Never Say Never, of course, is the title of the Justin Bieber concert documentary that was released in 2011, and The Lonely Island revealed that while the title “Popstar: Never Stop Never Stopping” is funny, it wasn’t their idea:
Andy Samberg: “It’s also the Never Say Never paired with Never Stop Never Stopping that made it seem like that’s what we were doing.”
Akiva Schaffer: “Which is a very funny title, and we agreed to it, but that’s the only piece of writing in the whole movie that’s not ours.”
Andy Samberg: “The working title of the movie for us was Conner4Real the whole time.”
Jorma Taccone: “Yeah we always thought it was going to be that.”
So the marketing sold Popstar to general audiences as a parody of Justin Bieber – something it wasn’t – instead of a music-driven comedy, which is what it really was. And that unfortunately led to many people opting out of seeing the film, despite the fact that it earned great reviews. Which is a shame, because anyone who actually saw Popstar very quickly realized it was its own original thing and not a takedown of any particular famous artist.
Indeed, Samberg says they had no specific problem with Bieber:
Andy Samberg: “It was not necessarily our preference for [the marketing] to be so Bieber-driven and we really had no specific bone to pick with Bieber. We were really more interested in making something that was commenting on the pop machine and the music machine in general, and making crazy set pieces within that.”
The trio are diplomatic about the ordeal and still happy the film got made, but obviously a bit disappointed that the film’s box office was hindered by a marketing campaign that sold a different movie. And just speaking for me personally, it’s baffling why a marketing department would want to chase a flash-in-the-pan trend that doesn’t even really fit with the actual movie rather than lean into the fact that they have a hilarious comedy filled with catchy songs they could be selling. But hey, that’s just me.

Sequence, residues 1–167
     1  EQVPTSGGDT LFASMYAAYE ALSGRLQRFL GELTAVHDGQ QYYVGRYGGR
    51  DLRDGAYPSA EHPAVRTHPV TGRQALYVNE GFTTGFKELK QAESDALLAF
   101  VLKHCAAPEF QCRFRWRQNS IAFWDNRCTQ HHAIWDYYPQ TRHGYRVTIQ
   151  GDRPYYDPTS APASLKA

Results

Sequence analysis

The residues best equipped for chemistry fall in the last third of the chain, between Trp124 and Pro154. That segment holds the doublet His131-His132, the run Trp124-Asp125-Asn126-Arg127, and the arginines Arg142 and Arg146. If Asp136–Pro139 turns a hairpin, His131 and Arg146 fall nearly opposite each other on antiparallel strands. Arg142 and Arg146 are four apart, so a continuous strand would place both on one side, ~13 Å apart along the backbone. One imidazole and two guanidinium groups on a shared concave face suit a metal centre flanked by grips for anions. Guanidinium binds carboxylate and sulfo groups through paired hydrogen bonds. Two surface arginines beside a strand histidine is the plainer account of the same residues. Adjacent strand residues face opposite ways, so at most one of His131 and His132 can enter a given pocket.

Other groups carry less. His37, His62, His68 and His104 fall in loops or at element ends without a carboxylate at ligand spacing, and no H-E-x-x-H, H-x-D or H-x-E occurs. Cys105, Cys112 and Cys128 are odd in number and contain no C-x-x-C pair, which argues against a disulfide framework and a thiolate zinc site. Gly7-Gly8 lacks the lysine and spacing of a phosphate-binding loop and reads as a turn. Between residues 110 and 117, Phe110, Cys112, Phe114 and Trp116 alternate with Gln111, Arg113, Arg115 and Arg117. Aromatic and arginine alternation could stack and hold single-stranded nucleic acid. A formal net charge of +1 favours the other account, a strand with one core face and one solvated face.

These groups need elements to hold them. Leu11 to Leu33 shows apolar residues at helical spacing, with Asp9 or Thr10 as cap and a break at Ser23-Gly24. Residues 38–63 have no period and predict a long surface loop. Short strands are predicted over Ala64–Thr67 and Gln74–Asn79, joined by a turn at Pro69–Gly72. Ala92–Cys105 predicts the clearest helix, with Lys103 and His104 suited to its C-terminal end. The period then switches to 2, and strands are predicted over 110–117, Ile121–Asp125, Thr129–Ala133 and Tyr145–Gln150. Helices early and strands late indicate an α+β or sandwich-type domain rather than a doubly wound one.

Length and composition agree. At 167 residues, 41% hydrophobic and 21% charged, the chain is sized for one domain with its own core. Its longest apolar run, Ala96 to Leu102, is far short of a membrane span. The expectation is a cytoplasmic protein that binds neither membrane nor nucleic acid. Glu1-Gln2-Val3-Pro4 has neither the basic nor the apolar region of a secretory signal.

I asked if the guys would be interested in revisiting their characters in a Popstar sequel, but Taccone said a mix of heartbreak and interest in other things makes it unlikely:
Jorma Taccone: “Speaking for myself, I feel like for us – one there’s heartbreak involved in the films that we’ve made that you put a lot of energy into them and then they don’t do financially well. Sadly that’s the only metric you have for success at the time. I think we’re always wanting to push ourselves to do something else, something different. For me personally, I think we probably just wanna do something new.”
Without missing a beat, Samberg asked Taccone how the MacGruber sequel TV series is going:
Jorma Taccone: “Here’s the thing, with MacGruber somehow the joke of even just doing it is funny (laughs). But yeah it’s going great, Andy. Thanks for asking.”
While it’s a bummer more people didn’t see Popstar in theaters – and frustrating that it may have had something to do with misleading marketing – it’s heartening to see people continuing to find this gem of a comedy years later and recognize its brilliance. Long live Conner4Real.
Look for our full interview with The Lonely Island on Collider this Thursday. Palm Springs will be available to stream exclusively on Hulu starting July 10th.